It's a very long time since Liverpool football club, which still ranks itself one of the great teams of European football history, could count a match against Arsenal as a potential title-decider.
The two sides went into Saturday as very much the surprise packages of the 2013-14 English Premier League season, with Arsenal top on 22 points and Liverpool two behind.
But while Arsenal manager Arsene Wenger has to look back a mere 10 seasons for the last time he and his team lifted the title, for Liverpool fans it has been much longer and more painful.
Disbelieving as the Anfield Kop was when Michael Thomas stole the championship for Arsenal from Liverpool in one of English football's most famous moments in 1988-89, the disbelief would have been even greater if they had known that their famous team would win only one more title in the next 24 years.
That last triumph came in 1989-90. And while FA Cups, League Cups and the astonishing Champions League win in 2005 have followed, the Premier League years have been barren ones for Liverpool.
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They'll see Saturday's late kickoff at the Emirates Stadium as a chance to assert that, under Brendan Rodgers, they can mix it with the best of English football again.
Rodgers took over at the beginning of last season after the waning of the optimism that the return of Kenny Dalglish – the last manager to lift the league title at Anfield – had briefly brought to the club.
He and Liverpool managed just a seventh-place finish last season and Rodgers is not talking of championships just yet, but some of his players feel that an impact is being made.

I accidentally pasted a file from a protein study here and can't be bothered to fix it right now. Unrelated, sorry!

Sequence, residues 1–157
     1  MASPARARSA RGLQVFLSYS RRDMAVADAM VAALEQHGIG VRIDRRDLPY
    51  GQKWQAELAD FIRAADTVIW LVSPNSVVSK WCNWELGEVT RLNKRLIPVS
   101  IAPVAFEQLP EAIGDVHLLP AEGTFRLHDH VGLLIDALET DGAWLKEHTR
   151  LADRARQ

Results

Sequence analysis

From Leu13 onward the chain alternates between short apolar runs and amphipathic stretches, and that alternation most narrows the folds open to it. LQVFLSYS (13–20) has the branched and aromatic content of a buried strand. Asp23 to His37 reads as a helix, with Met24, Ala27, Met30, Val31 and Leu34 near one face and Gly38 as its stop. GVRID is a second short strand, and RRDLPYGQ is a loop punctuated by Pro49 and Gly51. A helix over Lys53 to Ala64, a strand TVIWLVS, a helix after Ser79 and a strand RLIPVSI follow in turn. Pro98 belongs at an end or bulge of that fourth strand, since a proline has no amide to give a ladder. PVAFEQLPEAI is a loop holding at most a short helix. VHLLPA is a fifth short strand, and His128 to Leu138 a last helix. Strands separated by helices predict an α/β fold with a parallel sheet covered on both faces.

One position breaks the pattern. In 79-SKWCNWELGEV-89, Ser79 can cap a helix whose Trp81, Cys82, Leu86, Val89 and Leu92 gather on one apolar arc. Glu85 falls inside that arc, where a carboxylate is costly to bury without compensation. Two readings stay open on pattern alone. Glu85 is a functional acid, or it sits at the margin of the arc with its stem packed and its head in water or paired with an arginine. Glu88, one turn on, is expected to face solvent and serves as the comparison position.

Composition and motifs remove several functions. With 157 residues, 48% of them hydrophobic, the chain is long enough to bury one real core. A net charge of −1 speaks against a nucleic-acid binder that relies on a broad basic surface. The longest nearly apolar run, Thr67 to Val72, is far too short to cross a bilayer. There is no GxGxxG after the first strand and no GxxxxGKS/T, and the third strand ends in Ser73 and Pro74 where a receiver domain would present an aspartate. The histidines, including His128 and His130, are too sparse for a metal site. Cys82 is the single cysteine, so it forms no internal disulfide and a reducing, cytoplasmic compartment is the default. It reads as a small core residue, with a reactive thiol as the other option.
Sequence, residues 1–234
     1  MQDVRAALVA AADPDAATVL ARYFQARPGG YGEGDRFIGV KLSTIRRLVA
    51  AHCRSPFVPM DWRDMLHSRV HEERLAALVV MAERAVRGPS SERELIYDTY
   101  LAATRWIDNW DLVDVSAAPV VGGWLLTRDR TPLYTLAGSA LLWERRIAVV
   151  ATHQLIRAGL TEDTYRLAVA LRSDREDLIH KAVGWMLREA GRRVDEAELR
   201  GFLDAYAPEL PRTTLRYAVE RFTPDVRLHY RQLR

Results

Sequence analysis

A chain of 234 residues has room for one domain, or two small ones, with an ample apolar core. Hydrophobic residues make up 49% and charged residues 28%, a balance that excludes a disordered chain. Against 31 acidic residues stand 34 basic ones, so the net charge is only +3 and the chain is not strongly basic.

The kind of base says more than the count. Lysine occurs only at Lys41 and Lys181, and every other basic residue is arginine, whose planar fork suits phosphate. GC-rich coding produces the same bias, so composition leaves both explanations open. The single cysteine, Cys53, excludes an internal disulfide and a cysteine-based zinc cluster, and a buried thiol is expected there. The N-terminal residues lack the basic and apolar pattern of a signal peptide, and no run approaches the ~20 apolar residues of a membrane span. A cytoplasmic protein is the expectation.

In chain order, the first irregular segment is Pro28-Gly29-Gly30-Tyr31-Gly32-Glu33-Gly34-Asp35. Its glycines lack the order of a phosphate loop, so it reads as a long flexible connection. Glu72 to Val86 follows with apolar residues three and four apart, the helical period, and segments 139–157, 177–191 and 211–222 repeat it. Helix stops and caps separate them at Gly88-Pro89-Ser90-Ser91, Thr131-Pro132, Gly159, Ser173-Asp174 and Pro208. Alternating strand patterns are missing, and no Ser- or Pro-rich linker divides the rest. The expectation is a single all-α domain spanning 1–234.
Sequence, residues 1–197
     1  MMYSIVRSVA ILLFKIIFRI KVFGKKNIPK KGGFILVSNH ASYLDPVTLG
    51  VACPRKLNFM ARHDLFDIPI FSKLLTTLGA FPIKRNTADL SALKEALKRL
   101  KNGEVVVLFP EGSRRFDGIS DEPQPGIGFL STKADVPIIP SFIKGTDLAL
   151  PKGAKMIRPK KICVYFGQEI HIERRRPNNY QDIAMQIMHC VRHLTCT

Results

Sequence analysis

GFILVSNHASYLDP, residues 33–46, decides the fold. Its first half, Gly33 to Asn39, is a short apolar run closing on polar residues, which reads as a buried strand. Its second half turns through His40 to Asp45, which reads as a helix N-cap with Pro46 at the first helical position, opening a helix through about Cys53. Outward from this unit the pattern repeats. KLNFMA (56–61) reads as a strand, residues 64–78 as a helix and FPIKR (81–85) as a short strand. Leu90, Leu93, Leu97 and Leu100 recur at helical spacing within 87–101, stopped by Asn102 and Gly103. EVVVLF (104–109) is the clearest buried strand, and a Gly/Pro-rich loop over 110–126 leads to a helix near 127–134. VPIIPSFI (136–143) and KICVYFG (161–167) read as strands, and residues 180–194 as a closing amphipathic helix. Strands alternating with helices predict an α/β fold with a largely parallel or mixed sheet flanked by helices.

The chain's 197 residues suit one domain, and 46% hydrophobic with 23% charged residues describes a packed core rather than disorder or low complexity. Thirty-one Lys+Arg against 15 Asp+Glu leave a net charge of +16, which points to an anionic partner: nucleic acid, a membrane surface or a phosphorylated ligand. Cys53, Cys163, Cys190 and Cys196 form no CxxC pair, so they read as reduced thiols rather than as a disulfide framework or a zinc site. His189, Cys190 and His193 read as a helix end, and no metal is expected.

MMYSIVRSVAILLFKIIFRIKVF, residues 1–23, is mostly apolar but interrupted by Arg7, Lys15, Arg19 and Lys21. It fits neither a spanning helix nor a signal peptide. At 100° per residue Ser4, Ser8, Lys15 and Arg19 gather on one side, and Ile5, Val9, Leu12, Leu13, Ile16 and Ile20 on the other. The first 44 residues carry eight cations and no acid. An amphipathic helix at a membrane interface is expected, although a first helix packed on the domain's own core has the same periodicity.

"Confidence is very high at the minute," midfielder Jordan Henderson, 23, said this week following a 4-1 win over West Bromwich Albion in the last match.
"They're all tough games in the Premier League and Arsenal have been flying of late. But so have we, so I think it will be a good game to watch and hopefully we can get a good result.
"It would send out a message to the rest of the teams that we're here and we mean business."
That business has been taken care of in a large part by the latest strike duo to be labelled 'the SAS' in England – that of Luis Suarez and Daniel Sturridge.
For Arsenal, a lack of activity in the transfer market as regards strikers seems to have come up trumps for once.
Frenchman Olivier Giroud has scored five goals in nine league games, some of which have been dispatched with such style as to bring back memories of former Gunners Denis Bergkamp and Thierry Henry.
But while the France international may have discovered a mean streak in front of goal that he lacked last year, he also fits in with Arsenal's passing ethos.
Giroud set up Jack Wilshere for the finish in a spectacular team goal against Norwich City two weeks ago, and is just as pleased with that effort as with his own strikes.
"It is a great thing because the goal was shown all over the world – I am proud of it," said the 27-year-old, who was signed from Montpellier in 2012.
"Strikers are judged on their goals but we must also provide assists and that is what I try to do – help my team-mates."
Giroud may have been playing with Uruguayan Suarez on Saturday evening instead of against him, had Liverpool accepted Arsenal’s $64 million offer for the player in the summer.
"They are different styles of players," Wenger said on Friday – although he also said he had forgotten the transfer saga.
"Giroud is a real centre forward who uses space and uses his power and he's really central. Suarez is more a player who goes on the flanks, comes deep into midfield and is more a dribbler."
After losing in the Champions League to Borussia Dortmund and in the League Cup to Chelsea in the last two weeks, Arsenal could do with a win to keep up their early-season belief.
Three points for Liverpool may just start to make some believe that they can add to their long-neglected haul of 18 league titles.